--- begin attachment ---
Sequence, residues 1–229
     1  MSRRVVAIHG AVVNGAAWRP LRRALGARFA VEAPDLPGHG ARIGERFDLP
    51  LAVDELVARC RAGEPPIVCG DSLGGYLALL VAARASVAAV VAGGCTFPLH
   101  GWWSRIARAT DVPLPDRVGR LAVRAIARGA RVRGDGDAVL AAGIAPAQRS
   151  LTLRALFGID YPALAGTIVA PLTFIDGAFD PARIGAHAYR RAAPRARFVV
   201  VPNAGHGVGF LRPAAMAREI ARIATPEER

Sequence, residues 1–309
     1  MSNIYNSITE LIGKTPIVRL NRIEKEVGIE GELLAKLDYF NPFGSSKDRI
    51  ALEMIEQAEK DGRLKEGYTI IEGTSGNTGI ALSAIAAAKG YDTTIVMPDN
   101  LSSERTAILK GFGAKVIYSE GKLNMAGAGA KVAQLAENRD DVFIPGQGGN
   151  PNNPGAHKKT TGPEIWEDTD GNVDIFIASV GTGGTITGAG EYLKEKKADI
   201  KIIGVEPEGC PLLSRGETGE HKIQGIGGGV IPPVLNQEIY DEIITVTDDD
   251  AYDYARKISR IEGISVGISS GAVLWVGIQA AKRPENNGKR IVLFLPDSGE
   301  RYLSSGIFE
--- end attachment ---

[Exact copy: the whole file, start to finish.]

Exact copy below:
Sequence, residues 1–229
     1  MSRRVVAIHG AVVNGAAWRP LRRALGARFA VEAPDLPGHG ARIGERFDLP
    51  LAVDELVARC RAGEPPIVCG DSLGGYLALL VAARASVAAV VAGGCTFPLH
   101  GWWSRIARAT DVPLPDRVGR LAVRAIARGA RVRGDGDAVL AAGIAPAQRS
   151  LTLRALFGID YPALAGTIVA PLTFIDGAFD PARIGAHAYR RAAPRARFVV
   201  VPNAGHGVGF LRPAAMAREI ARIATPEER

Sequence, residues 1–309
     1  MSNIYNSITE LIGKTPIVRL NRIEKEVGIE GELLAKLDYF NPFGSSKDRI
    51  ALEMIEQAEK DGRLKEGYTI IEGTSGNTGI ALSAIAAAKG YDTTIVMPDN
   101  LSSERTAILK GFGAKVIYSE GKLNMAGAGA KVAQLAENRD DVFIPGQGGN
   151  PNNPGAHKKT TGPEIWEDTD GNVDIFIASV GTGGTITGAG EYLKEKKADI
   201  KIIGVEPEGC PLLSRGETGE HKIQGIGGGV IPPVLNQEIY DEIITVTDDD
   251  AYDYARKISR IEGISVGISS GAVLWVGIQA AKRPENNGKR IVLFLPDSGE
   301  RYLSSGIFE